With a sinking feeling I peaked out the window to see if it might be the campground, but alas, all the other campers and campsites were lit.  It was just me.  What the heck?
I used the light of my phone to find my flashlight and then the breaker box in the cabinet over the sink.  Flick, flick, flick, flick.  Nothing.  Maybe it was the power pole. 
I went out to the power pole and flicked its breaker on and off.  Nothing.  Maybe it was my extension cord.  I unplugged and plugged.  Nothing.  Hm. . .
I thought of trying an appliance at the pole to see if I could determine if it was them or me.  I carried a little heater out there and plugged it in to my extension cord and the pole.  The heater worked.  Now what?
I remembered seeing a phone number posted on the office door for after-hours assistance so I walked down to the office and dialed the number on my cell phone.  Voice mail.  I left my message, a plea for help, and started the walk back to my trailer.  The manager called me back before I got there.
Imagine this in the dark. . .
Soon one of the maintenance guys arrived to assist me.  It was after 10 p.m.  He tried everything I had already tried, and a half hour later, apologized, saying that there was an RV service guy who would probably come the next day.  I could get his number at the office. 
I thanked him, called my husband for the twentieth time (I exaggerate), this time so tired I could barely speak.  He urged me to get a hotel but I told him I was so tired that I was just going to fall in my bed, power or not.  I did just that.  Thankfully there was a nice cool breeze off the lake so I cranked opened my delicate vintage glass windows for the first time and lay down, clothes and all.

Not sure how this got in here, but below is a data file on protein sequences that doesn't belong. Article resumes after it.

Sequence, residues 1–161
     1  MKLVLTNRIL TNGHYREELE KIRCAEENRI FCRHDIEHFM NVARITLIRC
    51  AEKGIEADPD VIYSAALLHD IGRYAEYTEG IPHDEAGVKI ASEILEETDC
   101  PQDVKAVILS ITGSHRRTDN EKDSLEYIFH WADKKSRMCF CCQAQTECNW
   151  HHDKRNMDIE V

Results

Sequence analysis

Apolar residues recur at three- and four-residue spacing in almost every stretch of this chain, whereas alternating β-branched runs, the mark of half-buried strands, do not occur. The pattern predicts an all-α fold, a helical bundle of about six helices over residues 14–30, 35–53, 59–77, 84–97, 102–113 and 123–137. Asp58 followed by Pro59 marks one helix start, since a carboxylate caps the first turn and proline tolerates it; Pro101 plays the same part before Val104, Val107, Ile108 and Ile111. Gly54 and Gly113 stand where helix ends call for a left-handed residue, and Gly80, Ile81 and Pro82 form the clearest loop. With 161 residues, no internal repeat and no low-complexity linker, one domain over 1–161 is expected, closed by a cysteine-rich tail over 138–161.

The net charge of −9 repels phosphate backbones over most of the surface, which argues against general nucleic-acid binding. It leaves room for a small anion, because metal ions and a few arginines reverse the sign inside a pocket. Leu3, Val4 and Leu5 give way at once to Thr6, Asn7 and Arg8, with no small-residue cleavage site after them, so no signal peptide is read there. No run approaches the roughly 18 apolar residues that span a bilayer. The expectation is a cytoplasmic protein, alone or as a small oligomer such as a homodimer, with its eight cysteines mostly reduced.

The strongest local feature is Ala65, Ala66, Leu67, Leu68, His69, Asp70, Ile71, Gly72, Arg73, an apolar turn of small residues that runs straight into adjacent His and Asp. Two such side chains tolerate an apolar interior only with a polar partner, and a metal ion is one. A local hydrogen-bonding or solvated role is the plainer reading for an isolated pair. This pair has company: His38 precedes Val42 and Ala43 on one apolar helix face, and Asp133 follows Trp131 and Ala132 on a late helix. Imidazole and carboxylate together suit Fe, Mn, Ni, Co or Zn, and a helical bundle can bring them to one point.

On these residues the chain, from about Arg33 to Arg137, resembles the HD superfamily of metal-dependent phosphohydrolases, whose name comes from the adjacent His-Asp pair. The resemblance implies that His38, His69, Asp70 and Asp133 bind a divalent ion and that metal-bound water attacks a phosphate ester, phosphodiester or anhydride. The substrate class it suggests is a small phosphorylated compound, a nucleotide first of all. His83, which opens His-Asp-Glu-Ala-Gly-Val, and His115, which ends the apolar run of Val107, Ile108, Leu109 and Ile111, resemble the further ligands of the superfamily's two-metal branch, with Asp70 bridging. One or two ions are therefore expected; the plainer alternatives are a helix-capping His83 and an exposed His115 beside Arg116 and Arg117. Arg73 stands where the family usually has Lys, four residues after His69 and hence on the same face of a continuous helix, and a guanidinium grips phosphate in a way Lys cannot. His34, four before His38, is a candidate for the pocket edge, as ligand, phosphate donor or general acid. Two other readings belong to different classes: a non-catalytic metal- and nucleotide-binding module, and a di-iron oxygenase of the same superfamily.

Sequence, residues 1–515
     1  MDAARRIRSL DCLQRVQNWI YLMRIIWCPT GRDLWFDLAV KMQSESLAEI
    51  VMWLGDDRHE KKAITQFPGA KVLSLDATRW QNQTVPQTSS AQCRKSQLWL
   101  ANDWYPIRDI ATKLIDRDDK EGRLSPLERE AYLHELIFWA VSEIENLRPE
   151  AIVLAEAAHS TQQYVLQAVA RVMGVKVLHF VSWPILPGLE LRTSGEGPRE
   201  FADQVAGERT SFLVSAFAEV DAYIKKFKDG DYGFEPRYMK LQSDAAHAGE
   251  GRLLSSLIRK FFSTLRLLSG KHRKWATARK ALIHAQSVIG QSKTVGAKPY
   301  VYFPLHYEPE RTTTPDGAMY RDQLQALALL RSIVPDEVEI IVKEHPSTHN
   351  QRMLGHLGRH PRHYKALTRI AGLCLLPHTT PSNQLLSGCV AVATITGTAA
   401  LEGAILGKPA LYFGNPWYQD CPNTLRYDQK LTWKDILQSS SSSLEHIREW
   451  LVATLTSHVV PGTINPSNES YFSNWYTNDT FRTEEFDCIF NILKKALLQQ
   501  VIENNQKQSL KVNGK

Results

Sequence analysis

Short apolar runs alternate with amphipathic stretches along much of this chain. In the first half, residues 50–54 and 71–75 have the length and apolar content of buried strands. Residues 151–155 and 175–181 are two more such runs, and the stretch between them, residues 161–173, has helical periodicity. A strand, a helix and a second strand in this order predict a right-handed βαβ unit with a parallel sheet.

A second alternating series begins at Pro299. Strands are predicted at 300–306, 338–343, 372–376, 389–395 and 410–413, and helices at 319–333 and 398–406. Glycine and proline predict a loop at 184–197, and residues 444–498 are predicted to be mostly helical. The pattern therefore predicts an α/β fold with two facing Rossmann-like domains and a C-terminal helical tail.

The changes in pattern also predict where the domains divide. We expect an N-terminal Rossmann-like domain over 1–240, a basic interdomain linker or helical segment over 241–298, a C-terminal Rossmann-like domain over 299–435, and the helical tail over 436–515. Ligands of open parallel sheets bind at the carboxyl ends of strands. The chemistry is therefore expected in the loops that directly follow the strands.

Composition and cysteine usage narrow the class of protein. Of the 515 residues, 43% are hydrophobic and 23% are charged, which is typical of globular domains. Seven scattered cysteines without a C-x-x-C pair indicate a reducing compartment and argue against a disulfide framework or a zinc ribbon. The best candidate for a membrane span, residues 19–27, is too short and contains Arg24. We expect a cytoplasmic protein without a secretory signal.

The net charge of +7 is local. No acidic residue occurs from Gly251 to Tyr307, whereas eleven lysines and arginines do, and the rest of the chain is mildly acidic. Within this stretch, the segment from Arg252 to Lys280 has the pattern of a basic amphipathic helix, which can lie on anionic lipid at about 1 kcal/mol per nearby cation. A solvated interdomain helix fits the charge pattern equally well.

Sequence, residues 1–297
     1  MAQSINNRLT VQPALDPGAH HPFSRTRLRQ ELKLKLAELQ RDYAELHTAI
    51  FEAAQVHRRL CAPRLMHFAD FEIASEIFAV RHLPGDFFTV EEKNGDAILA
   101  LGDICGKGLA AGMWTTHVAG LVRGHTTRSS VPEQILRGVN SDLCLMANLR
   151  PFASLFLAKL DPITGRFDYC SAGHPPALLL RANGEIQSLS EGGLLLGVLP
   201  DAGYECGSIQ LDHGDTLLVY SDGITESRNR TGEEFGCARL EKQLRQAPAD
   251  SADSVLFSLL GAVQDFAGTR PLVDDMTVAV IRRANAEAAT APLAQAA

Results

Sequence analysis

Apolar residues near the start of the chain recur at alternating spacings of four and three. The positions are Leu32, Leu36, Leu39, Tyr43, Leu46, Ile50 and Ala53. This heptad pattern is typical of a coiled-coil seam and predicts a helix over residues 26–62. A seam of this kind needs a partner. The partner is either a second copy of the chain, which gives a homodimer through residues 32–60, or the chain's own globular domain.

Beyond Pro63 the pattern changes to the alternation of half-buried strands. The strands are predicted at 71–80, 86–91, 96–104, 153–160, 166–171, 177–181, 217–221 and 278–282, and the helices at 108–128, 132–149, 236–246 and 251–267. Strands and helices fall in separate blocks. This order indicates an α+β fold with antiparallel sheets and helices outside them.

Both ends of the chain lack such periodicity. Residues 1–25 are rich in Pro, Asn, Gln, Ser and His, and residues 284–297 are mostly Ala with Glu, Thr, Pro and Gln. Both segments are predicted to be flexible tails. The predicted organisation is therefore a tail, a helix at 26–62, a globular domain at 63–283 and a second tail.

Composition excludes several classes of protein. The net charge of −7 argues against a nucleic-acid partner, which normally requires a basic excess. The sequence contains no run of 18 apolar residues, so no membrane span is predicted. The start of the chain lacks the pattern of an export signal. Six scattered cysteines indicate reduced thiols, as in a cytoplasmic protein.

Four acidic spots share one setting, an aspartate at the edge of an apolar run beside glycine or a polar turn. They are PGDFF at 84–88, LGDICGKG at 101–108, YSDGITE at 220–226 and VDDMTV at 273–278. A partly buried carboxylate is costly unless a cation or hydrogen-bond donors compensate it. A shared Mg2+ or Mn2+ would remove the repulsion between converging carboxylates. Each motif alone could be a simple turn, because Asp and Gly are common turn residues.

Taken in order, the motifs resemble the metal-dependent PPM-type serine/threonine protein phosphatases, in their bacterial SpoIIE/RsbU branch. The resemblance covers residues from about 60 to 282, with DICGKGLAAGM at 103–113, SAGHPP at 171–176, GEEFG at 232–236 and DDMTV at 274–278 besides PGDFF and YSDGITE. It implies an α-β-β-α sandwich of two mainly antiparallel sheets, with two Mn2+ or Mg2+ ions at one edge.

“Why me, Lord?  Why did all this have to happen today?”  I prayed, exhausted.
Think of Job and what he went through, He replied ever so quietly and gently.
“You’re right,” I replied.  “Please forgive me for complaining, and thank you for getting me here safely.”
With that short prayer, I closed my eyes for a fitful night, waking to birds chirping in the morning.
Another blessing.  I would not have heard the birds if my fan had been on and my windows closed.  And I certainly would not have heard the Lord’s reminder if everything had gone like I thought it should have.
Stay tuned. . .

Broke Down But Not Broken

A funny thing happened on the way to my last campout.  My car broke down.  Actually it wasn’t funny at all.  It was awful.  150 miles from home, I waved my caravan pals on as I waited for the tow truck.  I didn’t have to wait long, thank goodness.  I mean, thank the Lord.  Soon my truck was loaded onto a flat bed truck and my camper was hooked up to the back of the truck.  I gasped as the young driver tried to level the camper by yanking the bumper first up and then down hard.  I wanted to scream, “Easy!  She’s old!”  (She’s a 1962 Scotsman.)
He hauled us (me in the cab) to a nearby Ford dealership where I waited for three hours for them to replace the water pump in my SUV.  At first they told me they wouldn’t be able to fix it that day, but then they said they could.  I was so grateful that I didn’t have to find a hotel room and leave my trailer overnight in a parking lot that I waited patiently.  By the time they rolled my car and trailer around it was past closing time and I was starving.  I couldn’t wait to get back on the road and drive the remaining 100 miles, but I couldn’t until I paid them $900.  Ugh.  What a way to start a vacation.
The drive to the campground was uneventful except for the fact that it got dark on me.  I rolled in a little after 8 p.m. where a friend met me and helped me find my camping space.  Later several friends helped me back in and set up. 
Me and a fellow camper before I found out my power went off.  Happy to be at the campground!
But my troubles weren’t over.  I had finally straightened my camper and was ready to put on my pajamas and collapse when the power went off.  A quick check out the window let me know that it was my trailer, not the campground.  Ugh. Now what?  Can’t a girl get a break?
Stay tuned to find out what happened next. . .